There’s a more insidious problem, though, which will haunt Kate well into the adulthood. Myriad applications, websites, and wearable technologies are relying on face recognition today, and ubiquitous bio-identification is only just getting started. In 2011, a group of hackers built an app that let you scan faces and immediately display their names and basic biographical details, right there on your mobile phone. Already developers have made a working facial recognition API for Google Glass. While Google has forbidden official facial recognition apps, it can’t prevent unofficial apps from launching. There’s huge value in gaining real-time access to view detailed information the people with whom we interact.

The easiest way to opt-out is to not create that digital content in the first place, especially for kids. Kate’s parents haven’t just uploaded one or two photos of her: They’ve created a trove of data that will enable algorithms to learn about her over time. Any hopes Kate may have had for true anonymity ended with that ballet class YouTube channel.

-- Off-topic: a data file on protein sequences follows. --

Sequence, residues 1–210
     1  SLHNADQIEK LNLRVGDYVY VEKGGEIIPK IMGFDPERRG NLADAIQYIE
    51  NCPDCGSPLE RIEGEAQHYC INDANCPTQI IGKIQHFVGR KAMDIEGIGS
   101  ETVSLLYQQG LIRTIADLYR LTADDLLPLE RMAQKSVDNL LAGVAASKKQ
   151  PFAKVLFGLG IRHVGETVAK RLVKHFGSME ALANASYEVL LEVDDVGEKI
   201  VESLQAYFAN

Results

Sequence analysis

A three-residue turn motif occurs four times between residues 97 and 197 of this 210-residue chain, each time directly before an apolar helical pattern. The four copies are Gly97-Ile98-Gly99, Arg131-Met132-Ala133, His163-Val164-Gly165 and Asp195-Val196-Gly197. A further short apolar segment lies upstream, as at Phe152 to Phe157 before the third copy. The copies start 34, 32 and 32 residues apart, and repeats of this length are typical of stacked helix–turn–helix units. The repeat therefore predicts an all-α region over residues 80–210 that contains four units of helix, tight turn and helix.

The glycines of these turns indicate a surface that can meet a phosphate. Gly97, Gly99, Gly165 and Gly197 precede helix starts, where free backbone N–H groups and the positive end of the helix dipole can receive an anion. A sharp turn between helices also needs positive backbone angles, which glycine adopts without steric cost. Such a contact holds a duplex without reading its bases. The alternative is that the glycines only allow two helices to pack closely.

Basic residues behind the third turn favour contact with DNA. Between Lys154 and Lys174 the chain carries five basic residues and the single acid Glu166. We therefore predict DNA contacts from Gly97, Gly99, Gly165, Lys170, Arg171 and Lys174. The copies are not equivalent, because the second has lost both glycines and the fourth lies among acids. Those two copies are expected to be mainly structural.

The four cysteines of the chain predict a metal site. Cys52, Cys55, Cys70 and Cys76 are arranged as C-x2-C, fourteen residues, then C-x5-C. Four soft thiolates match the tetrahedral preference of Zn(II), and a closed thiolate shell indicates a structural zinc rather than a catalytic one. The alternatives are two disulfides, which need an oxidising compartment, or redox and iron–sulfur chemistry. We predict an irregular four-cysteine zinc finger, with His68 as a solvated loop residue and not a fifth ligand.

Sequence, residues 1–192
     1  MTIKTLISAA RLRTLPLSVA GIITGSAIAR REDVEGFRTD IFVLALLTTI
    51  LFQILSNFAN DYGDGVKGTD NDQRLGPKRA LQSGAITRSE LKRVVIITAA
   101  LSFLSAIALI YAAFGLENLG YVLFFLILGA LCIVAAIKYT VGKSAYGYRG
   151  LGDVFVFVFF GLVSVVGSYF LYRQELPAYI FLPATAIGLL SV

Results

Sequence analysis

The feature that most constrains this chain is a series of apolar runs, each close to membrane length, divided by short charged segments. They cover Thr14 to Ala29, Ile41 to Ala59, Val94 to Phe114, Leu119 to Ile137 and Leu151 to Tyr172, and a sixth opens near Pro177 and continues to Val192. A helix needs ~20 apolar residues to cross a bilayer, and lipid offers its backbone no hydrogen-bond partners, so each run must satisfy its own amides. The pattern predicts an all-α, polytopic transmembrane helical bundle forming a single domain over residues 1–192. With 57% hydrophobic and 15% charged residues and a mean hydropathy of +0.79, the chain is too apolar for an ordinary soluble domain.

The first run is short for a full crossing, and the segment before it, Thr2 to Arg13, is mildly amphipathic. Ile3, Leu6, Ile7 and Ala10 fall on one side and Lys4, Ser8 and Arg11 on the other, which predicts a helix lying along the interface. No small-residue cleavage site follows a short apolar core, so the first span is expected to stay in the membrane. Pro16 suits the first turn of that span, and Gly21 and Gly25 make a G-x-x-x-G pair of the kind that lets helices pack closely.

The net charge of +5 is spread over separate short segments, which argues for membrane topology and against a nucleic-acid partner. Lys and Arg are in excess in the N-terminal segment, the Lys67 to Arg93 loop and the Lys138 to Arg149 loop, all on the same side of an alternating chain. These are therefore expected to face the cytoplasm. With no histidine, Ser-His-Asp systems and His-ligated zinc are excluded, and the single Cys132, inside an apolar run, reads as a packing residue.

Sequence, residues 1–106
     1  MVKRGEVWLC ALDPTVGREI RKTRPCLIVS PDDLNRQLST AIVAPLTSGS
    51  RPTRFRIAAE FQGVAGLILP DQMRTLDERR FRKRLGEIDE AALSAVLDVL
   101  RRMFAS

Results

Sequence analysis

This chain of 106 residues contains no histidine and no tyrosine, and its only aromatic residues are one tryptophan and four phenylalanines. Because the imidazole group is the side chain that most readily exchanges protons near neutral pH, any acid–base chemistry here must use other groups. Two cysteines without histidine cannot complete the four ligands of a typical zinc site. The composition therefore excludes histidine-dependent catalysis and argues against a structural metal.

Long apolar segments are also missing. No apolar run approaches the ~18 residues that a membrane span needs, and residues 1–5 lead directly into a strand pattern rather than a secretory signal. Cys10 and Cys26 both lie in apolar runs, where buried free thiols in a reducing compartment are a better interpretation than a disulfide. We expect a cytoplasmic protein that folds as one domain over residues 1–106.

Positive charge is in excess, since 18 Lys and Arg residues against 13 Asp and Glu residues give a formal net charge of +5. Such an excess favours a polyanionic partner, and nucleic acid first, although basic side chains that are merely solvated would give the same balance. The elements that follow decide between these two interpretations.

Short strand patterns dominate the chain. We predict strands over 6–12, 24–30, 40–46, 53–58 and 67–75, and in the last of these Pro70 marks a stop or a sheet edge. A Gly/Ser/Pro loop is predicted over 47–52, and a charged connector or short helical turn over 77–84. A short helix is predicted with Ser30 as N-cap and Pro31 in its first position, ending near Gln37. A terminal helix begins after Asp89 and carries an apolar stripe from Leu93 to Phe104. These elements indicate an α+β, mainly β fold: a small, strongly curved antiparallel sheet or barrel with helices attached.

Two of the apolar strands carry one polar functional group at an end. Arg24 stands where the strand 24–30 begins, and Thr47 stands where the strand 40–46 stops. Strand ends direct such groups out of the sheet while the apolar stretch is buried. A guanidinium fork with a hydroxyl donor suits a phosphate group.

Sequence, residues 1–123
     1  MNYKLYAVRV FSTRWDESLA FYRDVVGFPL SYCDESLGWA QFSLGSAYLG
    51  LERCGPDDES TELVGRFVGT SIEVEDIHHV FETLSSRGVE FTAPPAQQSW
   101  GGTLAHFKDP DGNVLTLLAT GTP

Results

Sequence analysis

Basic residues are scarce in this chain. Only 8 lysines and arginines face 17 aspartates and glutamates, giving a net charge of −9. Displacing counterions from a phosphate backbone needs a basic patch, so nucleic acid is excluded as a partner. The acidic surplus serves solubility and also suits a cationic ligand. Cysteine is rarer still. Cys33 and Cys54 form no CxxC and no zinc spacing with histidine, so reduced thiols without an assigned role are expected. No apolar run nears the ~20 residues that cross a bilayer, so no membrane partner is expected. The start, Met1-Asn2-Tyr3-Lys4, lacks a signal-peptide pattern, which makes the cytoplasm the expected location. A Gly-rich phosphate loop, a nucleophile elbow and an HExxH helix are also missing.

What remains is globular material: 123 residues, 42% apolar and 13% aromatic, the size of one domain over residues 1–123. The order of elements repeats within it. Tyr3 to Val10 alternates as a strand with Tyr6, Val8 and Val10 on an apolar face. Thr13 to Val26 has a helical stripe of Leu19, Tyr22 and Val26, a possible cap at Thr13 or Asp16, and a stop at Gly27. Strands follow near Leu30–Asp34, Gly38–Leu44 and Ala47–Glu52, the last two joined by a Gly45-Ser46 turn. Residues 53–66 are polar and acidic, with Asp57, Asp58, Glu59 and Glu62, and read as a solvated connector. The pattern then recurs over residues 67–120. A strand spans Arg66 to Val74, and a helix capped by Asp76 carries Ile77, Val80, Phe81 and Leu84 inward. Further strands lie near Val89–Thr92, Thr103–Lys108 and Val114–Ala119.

It forced me to really dig deep into why I share photos of my kids. Convenience? Sure. But there are convenient ways to share photos with family that don’t run the risk of my kids unwittingly being used in advertisements or enshrined in Google Image searches for all time. While Zoë Stagg attributes it to ego, and while there is some science to back that up, I believe it was pride that was leading me to share.

Of course as pride goes, pride for your children is about the best kind there is. But after I put it in that context, I realized that the statement isn’t “convenience > fleeting privacy” but rather “sharing pride < maintaining control". The pride I have for my children, and the resulting desire to share that with everyone that will listen (and "like" it) is not worth my children not having some modicum of control of their online identity and anonymity in the future.